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EU: Covid-19 Blow to Greek Economy Milder than Expected

Economic forecast map. Source: European Commission

Economic forecast map. Source: European Commission

The European Commission revised its outlook for the Greek economy on Tuesday, saying prospects for 2020 in the aftermath of Covid-19 were milder than initially expected.

Greece GDP is set to contract by 9 percent this year compared to 9.75 percent as initially projected in the Commission’s previous forecast released two months ago.

Greece is still vulnerable, the report’s analysts note, particularly due to considerable exposure to risk surrounding travel and the impact on the Greek tourism sector, which is a leading employer.

At the same time, the report also expects a slower rebound in 2021 initially set at 7.9 percent, the Commission now expects the Greek economy to pick up at around 6 percent.

According to the Commission forecast, Greece suffered the full economic effect of the lockdown measures in the second quarter of the year with a marked decline in domestic demand and exports.

Analysts go on to add that the slowdown is also expected to lead to a relatively “short-lived” increase in unemployment.

Earlier this month, the Organization for Economic Co-operation and Development (OECD) also revised its previous forecast for Greece, estimating that the country’s economy will contract at a smaller rate this year compared to the eurozone average.

In Europe and the eurozone

The impact of the pandemic on Europe’s economy meanwhile is expected to be greater than initially thought, the Commission said, revising its forecast and calling on the Union’s leaders to swiftly approve a 750-billion-euro recovery fund.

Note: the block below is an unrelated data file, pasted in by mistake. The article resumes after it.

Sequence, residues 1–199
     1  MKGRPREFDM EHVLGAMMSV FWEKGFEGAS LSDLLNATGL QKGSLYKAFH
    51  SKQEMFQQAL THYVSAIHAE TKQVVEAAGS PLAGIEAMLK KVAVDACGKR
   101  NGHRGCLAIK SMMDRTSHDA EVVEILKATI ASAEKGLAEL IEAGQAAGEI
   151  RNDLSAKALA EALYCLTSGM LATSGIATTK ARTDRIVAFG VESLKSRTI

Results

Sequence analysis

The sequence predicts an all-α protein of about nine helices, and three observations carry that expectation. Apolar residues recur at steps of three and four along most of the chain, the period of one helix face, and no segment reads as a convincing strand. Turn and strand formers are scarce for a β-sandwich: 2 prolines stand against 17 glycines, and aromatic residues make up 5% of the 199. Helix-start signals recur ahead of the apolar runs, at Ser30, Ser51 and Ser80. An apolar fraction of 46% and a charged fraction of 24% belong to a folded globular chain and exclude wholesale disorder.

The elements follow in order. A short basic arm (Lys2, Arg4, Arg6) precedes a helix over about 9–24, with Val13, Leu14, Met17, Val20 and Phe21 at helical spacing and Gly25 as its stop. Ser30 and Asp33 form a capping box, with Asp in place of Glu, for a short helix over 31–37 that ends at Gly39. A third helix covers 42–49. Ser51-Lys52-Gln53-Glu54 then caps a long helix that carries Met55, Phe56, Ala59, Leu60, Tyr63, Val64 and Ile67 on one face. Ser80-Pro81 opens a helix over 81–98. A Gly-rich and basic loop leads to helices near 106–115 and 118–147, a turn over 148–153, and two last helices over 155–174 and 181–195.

According to new estimates economic output is expected to contract significantly, more than in the first quarter due a longer period of disruption, with France, Italy and Spain set to suffer the most.

More specifically, based on the Commission’s Summer 2020 Economic Forecast, the euro area economy will contract by 8.7 percent in 2020 and grow by 6.1 percent in 2021.

The EU economy is projected at contracting by 8.3 percent in 2020 and grow by 5.8 percent in 2021. The contraction in 2020 is estimated at being significantly greater than the 7.7 percent projected for the euro area and 7.4 percent for the EU as a whole in the previous forecast last spring.

Initial forecasts for growth in 2021 have also been trimmed.


“The economic impact of the lockdown is more severe than we initially expected… If anything, this forecast is a powerful illustration of why we need a deal on our ambitious recovery package, NextGenerationEU, to help the economy,” said Valdis Dombrovskis, Commission executive vice-president.

Dombrovskis said he does expect a rebound this year and next but “we need to continue protecting workers and companies and coordinate our policies closely at EU level to ensure we emerge stronger and united”.

On his part, European Commissioner for the Economy Paolo Gentiloni referred to the “devastating economic effects of that pandemic” noting that though the policy response across Europe has helped cushion the blow, “divergence, inequality and insecurity” still remain.

“This is why it is so important to reach a swift agreement on the recovery plan proposed by the Commission – to inject both new confidence and new financing into our economies at this critical time,” he stressed.

European Commissioner for the Economy Paolo Gentiloni. Photo source: European Commission

European Commissioner for the Economy Paolo Gentiloni. Photo source: European Commission

The Commission expects recovery for member states in the second half of the year to be at an uneven pace more so than initially forecast in the spring report.

Inflation, meanwhile appears to be steady, with oil and food prices on the rise but expected to be balanced by the weaker economic outlook and the effect of VAT reductions and other measures.

The Commission report concludes that due to the unknown scale and duration of the pandemic and to the possibility of a second wave of infections, long-term risks may be extended. Hardest hit the labor market and liquidity which may lead solvency problems for many European companies.

Analysts also cite as key challenges the inability on the part of EU governments to sufficiently coordinate national policy actions as well as failure to secure an agreement on the future trading relationship between the UK and the EU.

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